St.George Bank in Port Macquarie to become Australia’s first dementia friendly branch
20 June 2017
In an Australian first, St.George Bank’s Port Macquarie branch will be able to recognise, respond and make banking easier for local customers living with dementia.
St.George Bank has partnered with Alzheimer’s Australia so that the local branch can be officially qualified to assist people living with dementia and their families, with their banking needs.
Branch Manager at St.George Port Macquarie, Karen Hales says the program which launches in their branch this week will mean her team of bankers will be among the first in the nation to be officially accredited by Alzheimers Australia.
“We’re so proud to be the nation’s first branch to begin this program, because while we of course care deeply about all our customers, we are particularly connected with older community members who have banked with and trusted us for years.”
Starting this week staff at Port Macquarie branch will be working along-side Alzheimers Australia for their official accreditation, which means they will then be able to help seniors with things like setting up notifications, direct debits, different account types, withdrawal limits and alternative contacts.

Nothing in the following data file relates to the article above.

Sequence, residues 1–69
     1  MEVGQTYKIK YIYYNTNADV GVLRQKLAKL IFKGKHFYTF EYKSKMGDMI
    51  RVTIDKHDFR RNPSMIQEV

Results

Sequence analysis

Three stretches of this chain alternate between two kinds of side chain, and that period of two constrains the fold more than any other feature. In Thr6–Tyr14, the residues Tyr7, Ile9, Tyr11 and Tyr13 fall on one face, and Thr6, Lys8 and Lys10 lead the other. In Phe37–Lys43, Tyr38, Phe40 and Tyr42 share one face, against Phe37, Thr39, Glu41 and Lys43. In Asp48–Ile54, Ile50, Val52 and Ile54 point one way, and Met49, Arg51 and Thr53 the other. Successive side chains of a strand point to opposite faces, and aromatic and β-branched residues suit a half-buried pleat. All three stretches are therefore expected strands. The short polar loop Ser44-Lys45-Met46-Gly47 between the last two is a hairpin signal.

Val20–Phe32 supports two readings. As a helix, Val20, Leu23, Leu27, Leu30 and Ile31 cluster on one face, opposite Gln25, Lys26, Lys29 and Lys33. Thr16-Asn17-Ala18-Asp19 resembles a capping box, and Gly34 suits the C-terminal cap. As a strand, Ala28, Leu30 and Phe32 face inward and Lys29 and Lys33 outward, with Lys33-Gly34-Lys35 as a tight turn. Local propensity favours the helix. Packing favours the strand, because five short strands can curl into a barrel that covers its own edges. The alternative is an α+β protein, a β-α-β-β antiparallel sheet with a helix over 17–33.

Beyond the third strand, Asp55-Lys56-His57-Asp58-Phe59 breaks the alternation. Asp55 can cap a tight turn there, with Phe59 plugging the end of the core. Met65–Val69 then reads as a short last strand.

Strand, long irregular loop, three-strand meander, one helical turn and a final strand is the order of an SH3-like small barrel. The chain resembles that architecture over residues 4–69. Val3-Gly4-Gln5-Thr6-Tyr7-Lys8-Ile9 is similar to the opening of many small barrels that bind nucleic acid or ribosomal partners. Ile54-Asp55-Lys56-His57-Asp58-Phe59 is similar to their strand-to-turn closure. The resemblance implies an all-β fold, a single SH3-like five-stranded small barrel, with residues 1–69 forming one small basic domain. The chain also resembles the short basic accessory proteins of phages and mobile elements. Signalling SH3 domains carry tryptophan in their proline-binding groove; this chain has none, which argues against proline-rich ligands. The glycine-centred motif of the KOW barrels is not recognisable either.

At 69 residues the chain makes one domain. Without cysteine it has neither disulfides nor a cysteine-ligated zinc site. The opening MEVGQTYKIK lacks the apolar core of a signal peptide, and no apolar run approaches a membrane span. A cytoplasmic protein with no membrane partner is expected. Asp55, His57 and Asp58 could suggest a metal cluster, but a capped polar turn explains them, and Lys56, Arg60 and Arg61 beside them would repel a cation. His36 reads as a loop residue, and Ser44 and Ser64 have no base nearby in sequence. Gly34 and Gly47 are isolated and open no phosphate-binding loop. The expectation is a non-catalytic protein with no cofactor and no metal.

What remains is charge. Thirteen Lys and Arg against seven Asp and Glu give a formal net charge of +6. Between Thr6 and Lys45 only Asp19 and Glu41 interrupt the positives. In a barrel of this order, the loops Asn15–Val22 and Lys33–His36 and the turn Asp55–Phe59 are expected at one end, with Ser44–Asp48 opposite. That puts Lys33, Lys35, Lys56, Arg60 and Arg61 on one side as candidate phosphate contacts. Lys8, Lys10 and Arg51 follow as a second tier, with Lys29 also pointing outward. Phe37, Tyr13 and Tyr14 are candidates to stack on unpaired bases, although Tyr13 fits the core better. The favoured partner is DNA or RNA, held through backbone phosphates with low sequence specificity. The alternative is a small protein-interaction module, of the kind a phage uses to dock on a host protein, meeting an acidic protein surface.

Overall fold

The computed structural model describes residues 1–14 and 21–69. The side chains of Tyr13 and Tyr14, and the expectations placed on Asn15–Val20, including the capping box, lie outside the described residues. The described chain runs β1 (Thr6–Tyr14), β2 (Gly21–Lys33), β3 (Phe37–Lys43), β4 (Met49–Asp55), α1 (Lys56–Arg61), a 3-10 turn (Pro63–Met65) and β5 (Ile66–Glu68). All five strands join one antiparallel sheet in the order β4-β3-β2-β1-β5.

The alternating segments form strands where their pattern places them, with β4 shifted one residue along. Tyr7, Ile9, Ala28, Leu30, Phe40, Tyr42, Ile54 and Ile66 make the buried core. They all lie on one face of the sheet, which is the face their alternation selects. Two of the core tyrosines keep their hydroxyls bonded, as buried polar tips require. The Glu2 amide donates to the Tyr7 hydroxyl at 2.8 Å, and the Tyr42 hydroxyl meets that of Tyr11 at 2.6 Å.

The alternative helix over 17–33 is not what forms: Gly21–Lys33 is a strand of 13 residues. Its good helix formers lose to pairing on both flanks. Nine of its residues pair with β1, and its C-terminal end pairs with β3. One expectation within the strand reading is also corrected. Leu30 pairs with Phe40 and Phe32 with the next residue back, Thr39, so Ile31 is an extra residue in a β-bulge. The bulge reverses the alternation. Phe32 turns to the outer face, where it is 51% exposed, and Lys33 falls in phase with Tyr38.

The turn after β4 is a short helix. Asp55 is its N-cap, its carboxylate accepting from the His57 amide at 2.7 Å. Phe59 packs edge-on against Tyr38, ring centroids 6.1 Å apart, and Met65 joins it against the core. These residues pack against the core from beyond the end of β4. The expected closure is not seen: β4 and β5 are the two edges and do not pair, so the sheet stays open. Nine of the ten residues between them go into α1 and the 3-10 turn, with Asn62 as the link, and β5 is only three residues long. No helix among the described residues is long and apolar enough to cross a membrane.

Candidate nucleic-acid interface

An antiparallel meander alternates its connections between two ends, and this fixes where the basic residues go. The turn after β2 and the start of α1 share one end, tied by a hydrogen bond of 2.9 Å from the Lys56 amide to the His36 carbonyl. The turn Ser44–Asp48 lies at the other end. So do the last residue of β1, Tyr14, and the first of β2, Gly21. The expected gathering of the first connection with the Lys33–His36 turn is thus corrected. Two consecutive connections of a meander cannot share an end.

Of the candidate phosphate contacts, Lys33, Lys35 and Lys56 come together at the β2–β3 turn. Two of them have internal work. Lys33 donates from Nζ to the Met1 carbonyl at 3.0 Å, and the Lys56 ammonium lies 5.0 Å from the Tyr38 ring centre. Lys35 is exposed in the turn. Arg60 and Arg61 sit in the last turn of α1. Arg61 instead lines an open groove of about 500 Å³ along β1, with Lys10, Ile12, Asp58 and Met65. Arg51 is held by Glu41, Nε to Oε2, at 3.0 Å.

“Becoming dementia-friendly is simply the right thing to do for our elderly customers so that they can access financial services and we can help them remain independent for as long as possible.”
“It’s an increasingly wide ranging issue among our community and as we work towards our official accreditation, we’ll be helping senior community members establish important safe-guards - like recognising when to start or update a will, or appoint an enduring power of attorney - all while they are still able to make these important decisions.”
Gary Thomas, Regional Manager North Coast from Alzheimers Australia NSW says there are more than 413,000 Australians living with dementia and this number is predicted to grow to 536,164 by 2025.
Dementia is the term used to describe the symptoms of a large group of illnesses which cause a progressive decline in a person’s functioning. There are many types of dementia including Alzheimer’s disease, and although it can happen to anybody, it is more common after the age of 65.
“While there is no cure in the horizon there are a number of strategies that can be put in place to minimise the impact for both the person with dementia, their family and the community – and assistance with financial services is extremely high on that list,” adds Mr Thomas.
Penny Mahon, Media Manager, St.George Bank – 0434 185 590